The Laughing Man (Ghost in the Shell Stand Alone Complex) – Review

Last weekend I was up in Ayr at the local branch of HMV.  HMV has taken a dive in terms of quality in the last few years and choice also (I mean why would a music/video/game store devote 25% of its rack space to headphones of all kinds at the expense of a wider choice of music?) but that is not the point of this post.  Among the piles of films I came across the anime section and  therein some heavily discounted titles.  I really like most things Japanese and anime especially as it gives me ideas for wargaming.  So I had a dig and bought three movies that were down to two pounds each.  I will review each of them but I am limited to watching one a week really and I just finished watching ‘The Laughing Man’ now (got up early to do it when the house was quiet).  Now on with the first review!

Japan, 2030. Modern technology has reached great heights, but crime still plagues human society—and that’s when cyborg operative Motoko Kusanagi and the elite squad of Section 9 step in. Armed with the latest hardware and software, they follow the trail of the Laughing Man, a mysterious criminal who committed various acts of corporate terrorism six years ago and then disappeared. Now it seems that he has returned, hacking his way into people’s brains and turning them into puppets of vigilante justice. But how do you track down a criminal so brilliant that he can wipe people’s memories and leave only a laughing face as his calling card? The clues will lead Kusanagi and Section 9 to a conspiracy spanning the worlds of medicine, technology, and even the highest levels of government.

Striking Cover isn’t it.

I watched the film BEFORE looking it up online.  This is important as I like to view video and listen to audio, indeed read too, without others opinions in my head.  GITS Laughing Man is a long story running to 154 minutes which is way longer than the typical hour and a half.  The story is very interesting and the quality of the animation and rendering is top notch.  A special mention of the music too which was composed for the tale and is so good that I would listen to it on its own.   The plot concerns a group of characters hunting down the elusive ‘laughing man’ LM who can interfere at will with a person’s ‘cyberbrain’ and turn them into an automaton with a single driven purpose.  At times you doubt the LM even exists and there are copycats how try to be him as well.  As the film continues the pace of action does too and complex issues of humanity and machine integration as well as identity in an age of digital immortality are raised.  I enjoyed the discussion but I also liked how this discussion was dropped each time when the need for gun play came.  What stands out for me are several scenes in which a crowd of people are ‘infected’ and some of them come under the control of LM and attack the present politicians and security agents.  I will not spoil the film for those who wish to watch it but it is slick, well paced and has a rather surprising ending.  Well worth it.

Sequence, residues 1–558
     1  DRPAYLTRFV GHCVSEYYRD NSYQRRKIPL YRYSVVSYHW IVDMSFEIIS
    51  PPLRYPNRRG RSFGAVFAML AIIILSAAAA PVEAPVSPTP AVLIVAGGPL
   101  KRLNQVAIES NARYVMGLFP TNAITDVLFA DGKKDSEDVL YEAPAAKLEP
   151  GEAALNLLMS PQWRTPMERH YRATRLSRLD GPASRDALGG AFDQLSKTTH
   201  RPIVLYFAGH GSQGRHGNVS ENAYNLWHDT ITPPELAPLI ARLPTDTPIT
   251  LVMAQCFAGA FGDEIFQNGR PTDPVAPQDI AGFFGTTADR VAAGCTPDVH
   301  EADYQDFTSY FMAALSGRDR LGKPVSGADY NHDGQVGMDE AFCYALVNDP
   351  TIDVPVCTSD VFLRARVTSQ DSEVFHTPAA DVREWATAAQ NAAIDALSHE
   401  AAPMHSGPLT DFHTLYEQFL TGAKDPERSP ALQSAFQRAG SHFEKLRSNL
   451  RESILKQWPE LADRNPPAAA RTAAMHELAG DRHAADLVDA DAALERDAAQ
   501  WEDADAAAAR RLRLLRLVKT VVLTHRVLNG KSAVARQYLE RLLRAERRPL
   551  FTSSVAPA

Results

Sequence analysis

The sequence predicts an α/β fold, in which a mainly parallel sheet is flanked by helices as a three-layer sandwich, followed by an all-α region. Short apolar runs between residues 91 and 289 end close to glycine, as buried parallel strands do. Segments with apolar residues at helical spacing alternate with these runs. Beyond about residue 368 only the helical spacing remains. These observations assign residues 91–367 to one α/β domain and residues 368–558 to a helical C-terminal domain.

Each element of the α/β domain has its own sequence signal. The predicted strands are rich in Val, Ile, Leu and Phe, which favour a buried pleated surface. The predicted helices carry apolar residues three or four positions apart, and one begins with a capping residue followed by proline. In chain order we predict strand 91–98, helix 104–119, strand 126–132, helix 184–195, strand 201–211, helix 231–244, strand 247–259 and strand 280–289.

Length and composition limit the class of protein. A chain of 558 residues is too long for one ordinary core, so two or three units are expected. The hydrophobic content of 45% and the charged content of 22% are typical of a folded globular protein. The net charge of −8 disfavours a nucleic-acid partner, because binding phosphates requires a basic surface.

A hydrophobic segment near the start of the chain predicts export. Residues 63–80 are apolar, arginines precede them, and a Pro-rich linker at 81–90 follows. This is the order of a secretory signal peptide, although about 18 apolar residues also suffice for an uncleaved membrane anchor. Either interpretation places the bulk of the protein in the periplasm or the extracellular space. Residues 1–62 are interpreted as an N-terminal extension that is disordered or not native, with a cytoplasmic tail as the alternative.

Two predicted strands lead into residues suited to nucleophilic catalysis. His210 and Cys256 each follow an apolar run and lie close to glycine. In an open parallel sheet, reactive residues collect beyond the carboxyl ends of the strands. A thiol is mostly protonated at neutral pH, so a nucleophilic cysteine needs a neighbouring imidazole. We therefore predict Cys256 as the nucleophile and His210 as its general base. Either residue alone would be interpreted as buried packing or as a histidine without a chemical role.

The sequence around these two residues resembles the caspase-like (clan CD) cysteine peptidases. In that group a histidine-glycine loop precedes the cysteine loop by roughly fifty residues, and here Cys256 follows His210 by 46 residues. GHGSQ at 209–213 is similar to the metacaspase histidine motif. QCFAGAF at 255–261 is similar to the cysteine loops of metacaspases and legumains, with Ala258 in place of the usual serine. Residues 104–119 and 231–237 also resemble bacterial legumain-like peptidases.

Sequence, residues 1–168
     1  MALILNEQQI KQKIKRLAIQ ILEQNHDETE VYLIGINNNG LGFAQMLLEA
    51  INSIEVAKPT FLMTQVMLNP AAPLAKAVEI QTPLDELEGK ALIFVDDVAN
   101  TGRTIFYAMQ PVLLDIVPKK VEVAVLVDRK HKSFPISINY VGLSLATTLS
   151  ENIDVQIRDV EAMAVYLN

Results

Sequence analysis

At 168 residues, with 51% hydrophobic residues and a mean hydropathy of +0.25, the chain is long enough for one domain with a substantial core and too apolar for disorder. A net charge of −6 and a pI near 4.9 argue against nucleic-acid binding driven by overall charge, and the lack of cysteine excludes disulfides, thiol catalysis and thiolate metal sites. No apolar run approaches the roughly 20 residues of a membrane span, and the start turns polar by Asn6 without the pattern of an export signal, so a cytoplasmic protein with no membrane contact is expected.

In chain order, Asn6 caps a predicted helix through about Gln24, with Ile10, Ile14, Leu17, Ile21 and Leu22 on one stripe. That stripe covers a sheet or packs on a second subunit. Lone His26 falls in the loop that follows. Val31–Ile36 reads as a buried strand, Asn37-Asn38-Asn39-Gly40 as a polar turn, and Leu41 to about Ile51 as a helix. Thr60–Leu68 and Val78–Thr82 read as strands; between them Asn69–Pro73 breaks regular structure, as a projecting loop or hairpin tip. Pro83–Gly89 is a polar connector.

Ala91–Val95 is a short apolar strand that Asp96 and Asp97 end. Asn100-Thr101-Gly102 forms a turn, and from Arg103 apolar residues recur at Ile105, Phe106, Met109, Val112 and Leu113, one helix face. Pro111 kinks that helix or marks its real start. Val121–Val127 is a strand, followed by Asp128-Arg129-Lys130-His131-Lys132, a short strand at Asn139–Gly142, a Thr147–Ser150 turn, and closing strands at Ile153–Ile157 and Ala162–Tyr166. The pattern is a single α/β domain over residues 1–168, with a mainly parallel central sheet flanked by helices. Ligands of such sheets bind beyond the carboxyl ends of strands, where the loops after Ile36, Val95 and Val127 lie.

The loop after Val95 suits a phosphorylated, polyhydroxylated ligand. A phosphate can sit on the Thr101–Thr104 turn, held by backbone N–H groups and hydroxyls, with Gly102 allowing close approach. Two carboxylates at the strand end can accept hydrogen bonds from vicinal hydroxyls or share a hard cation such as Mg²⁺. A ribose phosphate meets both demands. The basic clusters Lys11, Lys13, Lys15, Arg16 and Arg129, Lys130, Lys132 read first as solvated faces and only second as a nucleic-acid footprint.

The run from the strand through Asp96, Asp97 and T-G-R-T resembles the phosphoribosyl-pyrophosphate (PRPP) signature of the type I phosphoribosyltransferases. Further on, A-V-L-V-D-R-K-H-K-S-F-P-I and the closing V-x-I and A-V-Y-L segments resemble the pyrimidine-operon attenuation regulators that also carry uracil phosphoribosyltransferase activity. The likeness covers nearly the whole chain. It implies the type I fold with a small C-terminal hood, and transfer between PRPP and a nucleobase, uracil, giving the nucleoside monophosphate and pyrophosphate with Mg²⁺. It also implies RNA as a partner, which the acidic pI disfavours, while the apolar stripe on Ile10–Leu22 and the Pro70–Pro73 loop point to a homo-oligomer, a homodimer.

Once I had finished watching the film I looked it up online and found out (I have never seen any Ghost in the Shell or this would have been obvious) that this film is actually condensed from an entire series of episodes of the TV show!  If I had bought the series I would have been annoyed at this but since I did not then it was fine and it did explain why at points city seasons and costumes changed in moments.  Some commentators did not like the voice acting for some characters.  I watched it in Japanese with English sub-titles so I cannot comment on that.  All the reviews I have read beyond the point about condensing a series into a movie are all positive and I agree with them.  This is easy accessible to a western audience unlike some other anime.

In terms of wargaming potential this anime has enough to keep sci-fi and cyberpunk fans busy for a year.  There are a half dozen scenarios in the gun fights alone and the plot has many points for ‘jumping off’ in a different direction or setting with the ideas given especially with the ‘hacked cyberbrain’ idea.  I think it is well suited to HOF Fire Team as most of the conflict takes place in a dense urban environment.  Do not be surprised if some of this pops up in my work for Barking Irons Online!

One last mention must be made of the logo that is on the cover of the box and the top of this post too.  It pops up all through the film blocking your view of the face of those under the control of LM and it is every effective because for all their advancements none of the ‘enhanced’ characters can see the LM as their cyberbrains prevent it.  Only a homeless alcoholic sees LM as he runs away as he is not enchanced leading to a vital clue.  I fancy getting a t-shirt with the logo.

Overall I would highly recommend this movie to all fans of the genre.  Excellent value and full of plot and pace.


1 thought on “The Laughing Man (Ghost in the Shell Stand Alone Complex) – Review

  1. Pingback: The Individual Eleven (Ghost in the Shell Stand Alone Complex) – Review | Gavin Syme

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